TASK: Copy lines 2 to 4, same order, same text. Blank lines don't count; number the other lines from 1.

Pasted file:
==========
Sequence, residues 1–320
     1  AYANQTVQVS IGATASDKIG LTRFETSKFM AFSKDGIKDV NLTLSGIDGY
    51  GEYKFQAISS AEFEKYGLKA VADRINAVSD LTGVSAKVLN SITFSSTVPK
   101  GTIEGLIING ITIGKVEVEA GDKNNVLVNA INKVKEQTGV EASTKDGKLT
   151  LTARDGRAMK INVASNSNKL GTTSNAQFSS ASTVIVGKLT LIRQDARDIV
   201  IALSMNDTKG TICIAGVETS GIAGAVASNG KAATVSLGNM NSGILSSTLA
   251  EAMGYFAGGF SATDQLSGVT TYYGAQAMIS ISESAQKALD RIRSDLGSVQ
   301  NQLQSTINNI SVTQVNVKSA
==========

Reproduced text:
     1  AYANQTVQVS IGATASDKIG LTRFETSKFM AFSKDGIKDV NLTLSGIDGY
    51  GEYKFQAISS AEFEKYGLKA VADRINAVSD LTGVSAKVLN SITFSSTVPK
   101  GTIEGLIING ITIGKVEVEA GDKNNVLVNA INKVKEQTGV EASTKDGKLT